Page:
Jessie Magaziner

Jessie Magaziner

Senior

Majors: French and International Studies

Minor: Spanish

Montpellier, France

Academic Year 2007-2008

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“You want to go where for how long??!!”

I can remember this phrase being uttered by my mother when I told her that I wanted to study in the south of France for the school year. She was shocked and unprepared to let me go away for so long. At the time, I was very nervous to leave the life I was so accustomed to and fly across the ocean into a world I knew would be very different. Yet, something inside of me was convinced that it was the right thing to do and I am SO glad that I took this leap of faith. Living in Montpellier, France for 9 ½ months was the most influential, amazing experience of my life. Every day taught me more about myself and people in general than I could have ever imagined. The culture of the south of France, the beauty of the language, the intricacies of French people, all of these things helped shape my time there into a learning process.
I lived with a wonderful host family, the Di Ruggiero’s: Jean-Marc, my host dad, Anne-Marie, my host mom, and the kids Victor, Raphaël, and Zoé. And of course Astin, the lovely Westie who terrorized our neighbors. Living with this family was extremely different from living with my family in the U.S. They were much more formal than my family and Anne-Marie was in charge of everything, where as things are a little more haphazard chez moi. The best part about living there was the food! As I’m sure everyone knows, French cuisine is legendary, and being able to experience this first-hand was quite a treat. Not everything was perfect though…I might pass up baby eel next time someone offers it to me. Living with the Di Ruggiero’s gave me an insight into real French people that I never would have gained living with other Americans in an apartment. I also think that being a part of a new family helped me deal with homesickness.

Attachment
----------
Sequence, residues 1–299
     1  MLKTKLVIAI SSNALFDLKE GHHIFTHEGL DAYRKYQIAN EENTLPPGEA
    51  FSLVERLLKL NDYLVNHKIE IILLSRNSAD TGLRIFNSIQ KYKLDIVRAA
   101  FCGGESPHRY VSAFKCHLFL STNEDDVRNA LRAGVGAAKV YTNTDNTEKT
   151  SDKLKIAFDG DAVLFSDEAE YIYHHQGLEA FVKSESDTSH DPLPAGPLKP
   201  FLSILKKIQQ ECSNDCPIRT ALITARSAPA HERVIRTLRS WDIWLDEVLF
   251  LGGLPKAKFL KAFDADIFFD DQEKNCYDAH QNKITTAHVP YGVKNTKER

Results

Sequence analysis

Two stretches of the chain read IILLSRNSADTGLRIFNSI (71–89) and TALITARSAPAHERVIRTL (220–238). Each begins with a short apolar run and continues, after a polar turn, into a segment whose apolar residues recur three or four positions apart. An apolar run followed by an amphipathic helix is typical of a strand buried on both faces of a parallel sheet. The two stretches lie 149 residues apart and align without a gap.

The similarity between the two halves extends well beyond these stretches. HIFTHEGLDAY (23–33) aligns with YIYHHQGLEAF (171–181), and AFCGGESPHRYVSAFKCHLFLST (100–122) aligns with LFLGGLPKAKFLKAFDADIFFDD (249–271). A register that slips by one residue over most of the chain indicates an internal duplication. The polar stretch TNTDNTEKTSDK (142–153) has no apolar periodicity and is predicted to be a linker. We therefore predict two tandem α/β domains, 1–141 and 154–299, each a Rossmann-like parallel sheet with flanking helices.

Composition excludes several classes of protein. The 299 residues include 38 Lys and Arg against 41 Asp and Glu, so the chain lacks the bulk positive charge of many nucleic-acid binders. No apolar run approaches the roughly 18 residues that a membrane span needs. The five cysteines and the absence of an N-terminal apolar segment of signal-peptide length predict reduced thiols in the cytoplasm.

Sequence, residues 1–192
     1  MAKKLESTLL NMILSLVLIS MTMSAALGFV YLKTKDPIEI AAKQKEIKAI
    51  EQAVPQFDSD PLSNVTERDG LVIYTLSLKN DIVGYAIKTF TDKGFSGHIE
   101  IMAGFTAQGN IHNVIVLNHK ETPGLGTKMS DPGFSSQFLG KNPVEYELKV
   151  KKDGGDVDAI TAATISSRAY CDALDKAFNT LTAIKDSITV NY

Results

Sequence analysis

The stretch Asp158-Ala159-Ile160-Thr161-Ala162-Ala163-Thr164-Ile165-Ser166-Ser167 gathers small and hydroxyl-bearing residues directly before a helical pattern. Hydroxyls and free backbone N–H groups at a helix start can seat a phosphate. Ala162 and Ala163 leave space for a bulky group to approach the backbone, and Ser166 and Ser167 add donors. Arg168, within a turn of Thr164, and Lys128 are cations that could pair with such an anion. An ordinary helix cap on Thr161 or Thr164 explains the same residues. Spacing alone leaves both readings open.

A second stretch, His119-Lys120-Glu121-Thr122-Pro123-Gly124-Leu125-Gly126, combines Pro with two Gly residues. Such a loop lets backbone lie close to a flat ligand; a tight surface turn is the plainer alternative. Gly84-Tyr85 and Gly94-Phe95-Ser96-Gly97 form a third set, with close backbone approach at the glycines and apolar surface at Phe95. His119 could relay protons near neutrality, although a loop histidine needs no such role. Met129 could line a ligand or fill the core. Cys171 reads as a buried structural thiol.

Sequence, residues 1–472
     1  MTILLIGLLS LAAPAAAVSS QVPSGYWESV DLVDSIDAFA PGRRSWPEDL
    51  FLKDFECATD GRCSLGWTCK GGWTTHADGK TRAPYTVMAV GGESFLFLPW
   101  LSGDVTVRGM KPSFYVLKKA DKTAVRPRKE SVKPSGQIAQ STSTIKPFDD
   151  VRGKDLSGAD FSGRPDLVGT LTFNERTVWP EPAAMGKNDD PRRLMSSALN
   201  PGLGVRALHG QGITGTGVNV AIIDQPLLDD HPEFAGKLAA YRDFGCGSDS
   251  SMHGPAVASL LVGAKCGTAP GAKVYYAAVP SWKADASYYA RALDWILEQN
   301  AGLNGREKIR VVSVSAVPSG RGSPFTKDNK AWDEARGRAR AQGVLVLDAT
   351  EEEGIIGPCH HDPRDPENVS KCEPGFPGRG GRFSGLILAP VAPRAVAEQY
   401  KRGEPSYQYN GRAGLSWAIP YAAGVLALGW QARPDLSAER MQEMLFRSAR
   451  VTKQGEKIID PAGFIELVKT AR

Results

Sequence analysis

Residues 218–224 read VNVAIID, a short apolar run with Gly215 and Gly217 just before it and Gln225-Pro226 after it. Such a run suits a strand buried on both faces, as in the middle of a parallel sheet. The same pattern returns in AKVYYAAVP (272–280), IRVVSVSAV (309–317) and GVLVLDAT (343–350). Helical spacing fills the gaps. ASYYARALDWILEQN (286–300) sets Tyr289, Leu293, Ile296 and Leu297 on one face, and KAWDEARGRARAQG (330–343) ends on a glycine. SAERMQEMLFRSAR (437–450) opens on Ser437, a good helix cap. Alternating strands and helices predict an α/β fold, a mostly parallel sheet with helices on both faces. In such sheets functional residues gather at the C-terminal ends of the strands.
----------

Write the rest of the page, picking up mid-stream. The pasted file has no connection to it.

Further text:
I attended a French university, l’Université Paul Valéry, and I learned about all sorts of interesting subjects, like lyrical and gothic literature, phonetics, grammar (okay, maybe that one wasn’t so interesting…) and translation. However, the experience of integrating into the French university system taught me more than any of my classes ever could. This was a perfect opportunity for me to step outside of my comfort zone and be challenged.
I’m not going to say that every single day was easy or that I didn’t sometimes feel like I was succeeding, but I can look back today and be amazed and proud of what I learned and accomplished there. If you are looking for the easy way out or to mess around for a semester or two, then I don’t think studying abroad is for you. However, if you are looking to challenge yourself, learn new things and maybe take a risk or two, then studying abroad will positively impact you for the rest of your life. The biggest lesson that I learned was that each experience and opportunity in life is only as great as you make it. If I had sat in my house all year and not traveled or met new people, then my experience would have been much less influential. By throwing myself into la vie française, I never regretted a day that I spent there and my love for this beautiful country and its interesting people has made it seem nearly impossible to stay away. After almost ten months in Montpellier I left feeling as if it wasn’t enough time and I wouldn’t want it any other way. Studying abroad has just started me on what I hope is a long path full of travel and unique cultural experiences.

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